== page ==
Who Owns Your Network - You or Your Employer?
While many of us are busy building up our professional online networks to advance our careers and business, how many of us have given a thought to who actually owns our connections?
Most of us assume that it’s our network, and we own it, but the law is quite grey around this issue.
There have already been court cases where companies have sued to have their ex employees online contact lists either deleted or handed over to the company.
The courts have ruled favourable on both sides in the handful of cases that have already been tested.
In Britain recruitment firm Hays successfully applied to have an ex employee hand over his Linkedin connections.
While in the US, Microsoft failed in a similar action against an ex employee.
As usual it all comes down to the wording in the contracts and prosecutions.
However, there are wider issues to consider.
Intellectual Property or Social Network
A companies list of clients and its contact list can rightly be considered a company asset and part of its Intellectual property so it has a right to try and protect it.
And if someone is employed to work and develop that list, then it’s quite likely that the list remains the property of the company.
On the other hand, in many professions such as journalism, public relations, lobbying and even sales, an individual’s contact list is regarded as part of their personal skill set. These people are employed as much for who they know as what they know.
Contact lists are treated as gold and often achieve mythical status, sometimes even coveted and fought over when it’s discovered that some legend of the profession is about to retire.
Even politicians have lists of who they can hit up for campaign donations and who owes them a favour.
But these lists always come with the person, not the company.
Still in other professions such as doctors, dentists, chefs and mechanics where finding a really good one is always an issue, clients will often follow the practitioner wherever they go, regardless of any company rules.
In our current period social media means everybody can develop a contact list. Indeed management Tom Peters has been saying for a long time that people these days need to manage themselves and their career as their own company.
And rightly or wrongly, the size of one’s social network is now being considered when recruiting personnel.
So is your network a personal and professional asset or is it a company asset?
(Well technically your network actually belongs to the social network you happen to have used to develop it. Read their Terms and Conditions.)
Another factor is that the line between our work and personal lives has become increasingly blurred and so separating out friends from business contacts becomes increasingly harder.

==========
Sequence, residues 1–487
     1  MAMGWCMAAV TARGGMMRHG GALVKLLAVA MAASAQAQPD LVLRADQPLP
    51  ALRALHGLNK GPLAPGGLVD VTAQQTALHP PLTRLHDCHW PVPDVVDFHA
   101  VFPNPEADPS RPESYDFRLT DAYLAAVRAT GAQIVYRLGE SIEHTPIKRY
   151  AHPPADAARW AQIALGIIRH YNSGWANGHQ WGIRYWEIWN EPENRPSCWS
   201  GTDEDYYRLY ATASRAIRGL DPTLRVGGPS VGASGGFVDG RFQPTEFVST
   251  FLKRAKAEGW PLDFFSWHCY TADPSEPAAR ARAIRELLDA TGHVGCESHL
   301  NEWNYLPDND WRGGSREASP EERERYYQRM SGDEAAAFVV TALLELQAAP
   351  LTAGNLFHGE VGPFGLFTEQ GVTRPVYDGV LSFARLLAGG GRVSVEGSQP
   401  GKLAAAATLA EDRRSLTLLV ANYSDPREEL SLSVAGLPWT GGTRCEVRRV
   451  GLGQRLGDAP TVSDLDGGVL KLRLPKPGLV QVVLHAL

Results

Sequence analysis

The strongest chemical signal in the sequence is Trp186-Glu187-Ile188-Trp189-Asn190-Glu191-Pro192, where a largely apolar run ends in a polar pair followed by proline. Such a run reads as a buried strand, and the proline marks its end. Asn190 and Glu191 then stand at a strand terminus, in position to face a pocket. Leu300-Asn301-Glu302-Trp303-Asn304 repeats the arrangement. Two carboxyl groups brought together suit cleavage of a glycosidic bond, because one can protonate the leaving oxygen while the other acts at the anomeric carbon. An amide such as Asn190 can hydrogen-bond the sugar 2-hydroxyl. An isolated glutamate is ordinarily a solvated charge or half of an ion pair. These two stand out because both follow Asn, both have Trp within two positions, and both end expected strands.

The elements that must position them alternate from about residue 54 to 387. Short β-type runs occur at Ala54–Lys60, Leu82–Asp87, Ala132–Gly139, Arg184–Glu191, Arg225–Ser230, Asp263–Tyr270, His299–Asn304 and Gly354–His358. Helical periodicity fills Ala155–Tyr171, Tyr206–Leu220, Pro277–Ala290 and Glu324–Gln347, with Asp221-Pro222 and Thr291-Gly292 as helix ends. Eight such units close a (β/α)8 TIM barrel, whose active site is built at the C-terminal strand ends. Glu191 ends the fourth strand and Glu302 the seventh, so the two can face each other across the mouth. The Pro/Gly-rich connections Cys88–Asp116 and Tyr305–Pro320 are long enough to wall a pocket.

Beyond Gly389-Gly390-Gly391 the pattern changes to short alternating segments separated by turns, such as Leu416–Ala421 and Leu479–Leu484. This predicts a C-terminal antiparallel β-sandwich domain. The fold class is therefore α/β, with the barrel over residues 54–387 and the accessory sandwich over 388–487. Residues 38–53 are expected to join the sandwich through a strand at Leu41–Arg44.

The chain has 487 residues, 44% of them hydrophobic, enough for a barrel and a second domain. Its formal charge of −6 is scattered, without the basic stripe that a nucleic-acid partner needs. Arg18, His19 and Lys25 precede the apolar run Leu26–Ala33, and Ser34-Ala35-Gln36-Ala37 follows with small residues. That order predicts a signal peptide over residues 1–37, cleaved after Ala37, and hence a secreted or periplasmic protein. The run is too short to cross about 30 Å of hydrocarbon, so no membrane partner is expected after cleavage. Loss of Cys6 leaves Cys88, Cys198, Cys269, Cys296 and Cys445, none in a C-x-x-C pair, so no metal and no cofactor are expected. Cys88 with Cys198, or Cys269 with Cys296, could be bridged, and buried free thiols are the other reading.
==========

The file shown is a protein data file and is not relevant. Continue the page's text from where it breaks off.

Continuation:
No Social, No Business and No Staff
The other big issue if course is that in today’s world connecting online and being social has become a central part of business development and marketing.
So if a company wants to succeed, then it needs to encourage virtually all employees to be social.
Of course introducing employment contracts that state any connections remain the property of the company are likely to put a dampener on the employees’ willingness to engage in social media on the company’s behalf.
This could have serious implications for the effectiveness of the company’s marketing programs.
The employee could rightfully think: “Why should I spend time developing a network for the company if it’s not going to do me any good when I leave?”
And given that there is no such thing as job security anymore, an individual has a right to expect the connections they’ve spent years developing will remain theirs.
Furthermore, employers with restrictive social media policies risk losing potential employees, especially from younger workers who expect to take their social networks wherever they go.
Can the Law Even Keep Up?
It’s been suggested that companies need to develop clear social media policies and employment contracts, but in a rapidly evolving social world the law may always be trailing the network and its users.
And by social networks very nature, the connections you have are publicly viewable on the net, so can they really be considered a private asset?
Some companies have tried to overcome this by having employees set up company only accounts, but you can’t do that on all social networks especially Facebook, which has very strict rules about creating one and only one identity.
While you can create multiple accounts on Linkedin, it is still against their Terms of Service. Linkedin is very clear that the service is to promote “you” and that creating separate accounts to promote a business can get you terminated.
Twitter allows you to create as many accounts as you like.
Regardless of this, if you split your network it’s likely to be much less effective in all sorts of ways, than if you have one comprehensive and cohesive network.
Complicating the matter even further is that there are already services out there that allow you to aggregate all your network connections in one area, as well as combine all your social networking accounts in one place.
So even if a company was successful in say having your Linkedin connections deleted, you could quite easily have a copy of them in another database the company was completely unaware of.
It’s an interesting debate and I’m sure we haven’t heard the last of it.
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